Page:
ICER 2011 Core Dump

I heard so many inter­est­ing talks, met so many provoca­tive peo­ple, and thought so hard about com­pu­ta­tion that I’ll never hear the words “this is a test” the same way again.

One high­light for me was talk­ing with Mark Guz­dial about pic­tures and sounds as trans­for­ma­tions of binary infor­ma­tion. As I con­tinue to think about inter­sect­ing pos­si­bil­i­ties for our brand of sci­en­tific inquiry and what promise it might hold in CS, I’m def­i­nitely going to turn my atten­tion toward core con­cepts in how we rep­re­sent infor­ma­tion. More impor­tantly, per­haps, are issues of how we gen­er­ate, mod­ify, and under­stand information.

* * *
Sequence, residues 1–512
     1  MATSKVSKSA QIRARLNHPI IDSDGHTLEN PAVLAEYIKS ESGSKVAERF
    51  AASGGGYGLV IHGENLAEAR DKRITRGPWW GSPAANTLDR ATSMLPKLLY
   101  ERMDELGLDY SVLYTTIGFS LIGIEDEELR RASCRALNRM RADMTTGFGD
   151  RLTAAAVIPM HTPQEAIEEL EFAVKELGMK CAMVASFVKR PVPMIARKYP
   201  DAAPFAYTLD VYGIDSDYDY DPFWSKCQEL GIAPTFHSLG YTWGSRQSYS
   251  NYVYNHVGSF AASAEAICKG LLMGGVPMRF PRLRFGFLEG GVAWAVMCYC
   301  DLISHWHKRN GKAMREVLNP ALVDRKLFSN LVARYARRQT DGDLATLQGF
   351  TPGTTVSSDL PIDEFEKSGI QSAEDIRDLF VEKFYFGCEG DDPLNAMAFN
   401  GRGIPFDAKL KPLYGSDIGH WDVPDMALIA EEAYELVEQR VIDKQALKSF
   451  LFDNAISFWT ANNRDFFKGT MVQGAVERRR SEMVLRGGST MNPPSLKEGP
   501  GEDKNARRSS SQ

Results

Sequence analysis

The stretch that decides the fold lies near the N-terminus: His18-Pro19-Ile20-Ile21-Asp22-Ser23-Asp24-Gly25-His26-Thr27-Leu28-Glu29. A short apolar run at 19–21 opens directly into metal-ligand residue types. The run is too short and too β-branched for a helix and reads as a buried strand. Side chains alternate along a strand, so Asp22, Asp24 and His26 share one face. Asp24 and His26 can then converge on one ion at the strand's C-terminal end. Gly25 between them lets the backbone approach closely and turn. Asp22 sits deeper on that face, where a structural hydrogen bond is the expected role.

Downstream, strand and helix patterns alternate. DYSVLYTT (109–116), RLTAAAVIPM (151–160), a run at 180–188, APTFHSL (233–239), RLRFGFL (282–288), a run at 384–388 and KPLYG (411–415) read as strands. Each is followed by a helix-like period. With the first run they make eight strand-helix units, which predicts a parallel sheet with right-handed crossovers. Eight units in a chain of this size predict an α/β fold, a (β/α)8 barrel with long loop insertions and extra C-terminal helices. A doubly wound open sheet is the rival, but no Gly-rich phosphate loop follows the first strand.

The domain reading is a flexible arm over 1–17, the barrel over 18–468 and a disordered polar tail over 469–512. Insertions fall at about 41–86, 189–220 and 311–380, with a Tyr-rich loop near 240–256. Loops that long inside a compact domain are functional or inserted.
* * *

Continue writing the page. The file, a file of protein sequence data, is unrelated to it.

Another was rais­ing issues of what counts as evi­dence, and how we define learn­ing. I really look for­ward to hav­ing more inter­est­ing con­ver­sa­tions about what we think we’re study­ing when we try to study stu­dent learning.

A third was get­ting to con­tinue ongo­ing con­ver­sa­tions about edu­ca­tion with friends, both old and new. To me, the heart of a good con­fer­ence is the way our inter­ests and ideas about cen­tral prob­lems in the field spill out­side the bounds of ses­sions and talks. These con­ver­sa­tions are what excite and ener­gize me.

Finally, I had an amaz­ing time at the pre-conference Doc­toral Con­sor­tium (DC). I was able to meet col­leagues from across the world who are start­ing (or, in some cases wrap­ping up) their dis­ser­ta­tions. It was a thrill to see the vari­ety of prob­lems peo­ple are tak­ing on and an amaz­ing oppor­tu­nity to both get and give detailed feed­back on our work.